Trudeau’s Training Mission is Unclear

Trudeau plan against Islamic State is vague and leave enough grey area to interpretation. Even with his new plan, there is no way for Canadians to know exactly what will Canadian soldiers do on the ground and how dangerous it will be.

Although Trudeau went forward with his election promise of bringing back home the CF-18 fighter aircraft, the training mission under an ‘advice-and-assist’ label could possibly engage ground troops in fierce combat.

Trudeau was asked why he was withdrawing the Royal Canadian Air Force CF-18s from the U.S.-led coalition as his government is not opposed to airstrikes. “We can’t do everything,” Trudeau said when asked the first of several questions about the CF-18s.

Let’s be clear here. Canada is far from doing everything. Although Canada is participating in many aspect of the coalition, the amount of resources made available to the coalition is very low. You can’t say that you are doing everything when you have 6 CF-18s conducting less than 3% of the airstrikes neither when you have 69 operators from the Canadian Special Operations Regiment training local soldiers in Northern Iraq.

Don’t take me wrong on this, Canadian soldiers are doing an excellent job and has been praised on many occasions by Americans generals. However, Trudeau’s words are not appropriated; he seems to be the only one thinking he’s doing everything. Even the Canadian population is against stopping airstrikes.

Deploying ground troops under the pretext of giving enough tools to the local soldiers to fight for their own turf might be a good argument, but it is almost impossible to do so without having troops engaged in the fight with them. In fact, the troops would be mentoring and acting as liaison with the available U.S.-led coalition asset, exactly the same way it was done with the Operational Mentoring and Liaison Team (OMLT) in Afghanistan.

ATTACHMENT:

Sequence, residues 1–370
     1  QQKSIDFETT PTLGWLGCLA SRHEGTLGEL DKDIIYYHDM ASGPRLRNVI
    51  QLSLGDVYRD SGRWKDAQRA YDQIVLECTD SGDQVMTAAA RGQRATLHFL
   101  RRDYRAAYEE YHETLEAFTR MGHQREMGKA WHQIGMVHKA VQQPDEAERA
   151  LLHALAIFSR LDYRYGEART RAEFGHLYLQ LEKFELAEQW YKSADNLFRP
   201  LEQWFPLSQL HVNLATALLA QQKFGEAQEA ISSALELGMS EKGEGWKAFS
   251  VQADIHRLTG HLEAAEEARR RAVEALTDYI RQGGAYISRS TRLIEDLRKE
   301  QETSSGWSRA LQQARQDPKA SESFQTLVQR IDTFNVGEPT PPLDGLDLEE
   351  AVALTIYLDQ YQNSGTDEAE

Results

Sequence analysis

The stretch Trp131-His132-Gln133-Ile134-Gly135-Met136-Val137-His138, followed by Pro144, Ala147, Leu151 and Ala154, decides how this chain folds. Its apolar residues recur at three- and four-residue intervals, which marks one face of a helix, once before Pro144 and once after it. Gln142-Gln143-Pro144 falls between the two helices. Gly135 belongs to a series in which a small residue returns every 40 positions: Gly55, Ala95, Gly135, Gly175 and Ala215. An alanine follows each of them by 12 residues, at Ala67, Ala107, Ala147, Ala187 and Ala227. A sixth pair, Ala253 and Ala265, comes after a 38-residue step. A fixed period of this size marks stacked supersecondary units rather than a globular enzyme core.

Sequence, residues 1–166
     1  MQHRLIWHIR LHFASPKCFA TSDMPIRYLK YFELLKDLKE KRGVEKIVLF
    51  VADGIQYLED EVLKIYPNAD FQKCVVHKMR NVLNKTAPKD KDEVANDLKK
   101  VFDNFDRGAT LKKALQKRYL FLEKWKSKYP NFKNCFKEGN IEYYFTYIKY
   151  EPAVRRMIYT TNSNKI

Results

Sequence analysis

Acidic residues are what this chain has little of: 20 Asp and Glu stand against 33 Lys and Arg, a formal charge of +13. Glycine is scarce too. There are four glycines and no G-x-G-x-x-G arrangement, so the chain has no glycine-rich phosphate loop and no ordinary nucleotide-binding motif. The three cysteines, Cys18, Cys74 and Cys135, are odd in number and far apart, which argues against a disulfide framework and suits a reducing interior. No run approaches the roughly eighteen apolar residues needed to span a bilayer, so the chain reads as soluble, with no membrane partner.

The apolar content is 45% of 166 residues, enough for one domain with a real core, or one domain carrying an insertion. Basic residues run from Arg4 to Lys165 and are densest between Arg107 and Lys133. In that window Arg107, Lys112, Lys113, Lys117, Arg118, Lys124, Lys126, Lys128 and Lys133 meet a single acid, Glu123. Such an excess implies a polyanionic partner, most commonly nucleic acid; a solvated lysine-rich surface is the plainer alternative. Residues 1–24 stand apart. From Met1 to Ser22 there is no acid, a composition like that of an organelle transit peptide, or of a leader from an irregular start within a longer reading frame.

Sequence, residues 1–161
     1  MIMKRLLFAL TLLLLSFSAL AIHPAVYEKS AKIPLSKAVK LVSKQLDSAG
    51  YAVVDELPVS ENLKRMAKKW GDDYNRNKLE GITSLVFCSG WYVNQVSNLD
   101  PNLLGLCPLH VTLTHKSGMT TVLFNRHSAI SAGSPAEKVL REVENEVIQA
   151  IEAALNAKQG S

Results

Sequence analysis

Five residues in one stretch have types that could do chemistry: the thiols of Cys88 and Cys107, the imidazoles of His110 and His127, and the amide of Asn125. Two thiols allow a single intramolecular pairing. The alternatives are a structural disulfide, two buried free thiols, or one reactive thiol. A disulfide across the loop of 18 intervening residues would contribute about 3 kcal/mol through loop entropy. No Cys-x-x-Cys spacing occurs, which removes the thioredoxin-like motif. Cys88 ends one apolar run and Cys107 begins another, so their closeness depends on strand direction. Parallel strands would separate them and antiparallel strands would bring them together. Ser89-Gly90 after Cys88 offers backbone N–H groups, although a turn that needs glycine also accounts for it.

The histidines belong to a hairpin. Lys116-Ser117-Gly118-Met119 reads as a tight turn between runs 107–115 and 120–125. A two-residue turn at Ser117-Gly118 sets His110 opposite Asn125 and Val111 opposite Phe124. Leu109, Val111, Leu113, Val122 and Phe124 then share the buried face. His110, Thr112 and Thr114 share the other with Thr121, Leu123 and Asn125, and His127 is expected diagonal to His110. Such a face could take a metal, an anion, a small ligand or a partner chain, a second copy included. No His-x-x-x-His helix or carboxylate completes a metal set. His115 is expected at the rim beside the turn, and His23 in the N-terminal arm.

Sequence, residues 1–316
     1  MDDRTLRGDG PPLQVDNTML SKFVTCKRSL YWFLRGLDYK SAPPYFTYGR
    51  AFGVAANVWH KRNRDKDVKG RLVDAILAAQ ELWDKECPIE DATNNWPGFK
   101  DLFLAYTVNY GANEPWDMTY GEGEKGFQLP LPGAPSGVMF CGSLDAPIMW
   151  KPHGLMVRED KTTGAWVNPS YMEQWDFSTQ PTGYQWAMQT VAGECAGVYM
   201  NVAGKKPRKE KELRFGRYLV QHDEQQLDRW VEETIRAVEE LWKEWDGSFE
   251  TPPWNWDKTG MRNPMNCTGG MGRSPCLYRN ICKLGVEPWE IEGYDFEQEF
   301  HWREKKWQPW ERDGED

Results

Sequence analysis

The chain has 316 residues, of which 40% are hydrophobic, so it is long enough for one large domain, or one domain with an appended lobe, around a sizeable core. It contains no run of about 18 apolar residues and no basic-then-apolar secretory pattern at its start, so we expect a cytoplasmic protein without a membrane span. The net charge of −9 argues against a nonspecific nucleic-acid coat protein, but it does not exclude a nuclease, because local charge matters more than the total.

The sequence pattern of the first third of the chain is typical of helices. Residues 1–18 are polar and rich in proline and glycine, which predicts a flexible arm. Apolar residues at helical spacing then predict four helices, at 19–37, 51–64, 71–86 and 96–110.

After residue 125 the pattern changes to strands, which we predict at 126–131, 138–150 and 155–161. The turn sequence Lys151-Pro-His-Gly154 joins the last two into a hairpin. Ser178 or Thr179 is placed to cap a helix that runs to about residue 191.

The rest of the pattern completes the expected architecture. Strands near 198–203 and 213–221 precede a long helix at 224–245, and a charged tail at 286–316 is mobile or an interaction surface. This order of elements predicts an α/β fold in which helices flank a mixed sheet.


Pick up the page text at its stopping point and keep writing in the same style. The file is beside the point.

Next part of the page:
Trudeau seem to think that advising and assisting local soldiers puts Canada into a non-combat role. I guess he’s not been listening to his Chief of the Defence Staff (CDS) nor his Defence Minister.

Aaron Wherry from CBC News wrote that CDS General Jonathan Vance was clear that Canadian soldiers might end up defending themselves against Islamic State fighters.

“The mission that we’ve engaged is an advise-and-assist mission, and that is exactly what we are going to do,” he said. A short while later, from the exact same seat, Vance was clearer: Yes, Canadian trainers would be marking targets and, yes, there was a chance that they would have to engage the enemy to defend themselves.

I can’t agree more with General Vance but something is missing here. Trudeau’s plan does not include any type of modus operandi for the Canadian troops except that they will deploy to advise-and-assist. I know it is the Canadian Forces’ job to work out the details, but Trudeau’s plan is announcing the future of Canada’s role against Islamic State to the population and should provide more details.

If your troops are marking targets, most likely operators from Canadian Special Operations Regiment (CSOR), you are actively taking part in offensive operations. And it’s ok to do so as well, it kills the enemy and enable the local soldiers to fight a weaker force (IS in this instance).

Is it possible that Canadian troops will conduct joint patrols with local soldiers and react to fire if fired upon? Yes!

Is it possible that Canadian troops will conduct offensive operations with local soldiers against Islamic State fighters? Still possible!

That said, conducting patrols might not be deemed as offensive operations by many, but they still can be qualified as so. You are deploying troops to patrol and secure an area without directly rushing into the hornet’s nest.

Knowing the ability of the Canadian soldiers, I know they will do an excellent job and they will conduct their missions with the outmost professionalism, but they need a clear mandate; they need to know whether they have to get ready to fight an insurgency or only train soldiers.

The two options are quite different. One is similar to what Canadian mentor did with the OMLT in Kandahar. The other is comparable to the training mission conducted in Kabul after the troops were pulled for their combat role in Kandahar.

Mr. Trudeau has to tell Canadians what kind of training mission he is looking at.

 

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Jonathan Wade, CD

Jonathan Wade is the director of the ‘The Sentinel Analytical Group’ and a decorated veteran of the Canadian Forces. Specialized in tactical, strategic, intelligence and geopolitics analysis, Jonathan has a fondness for technical details. His military experience brought him valuable insight on the realities of conflicts and war. A combat veteran of Afghanistan, Jonathan brings in in-theatre experience. Jonathan writes about Russia, Canada and Arctic.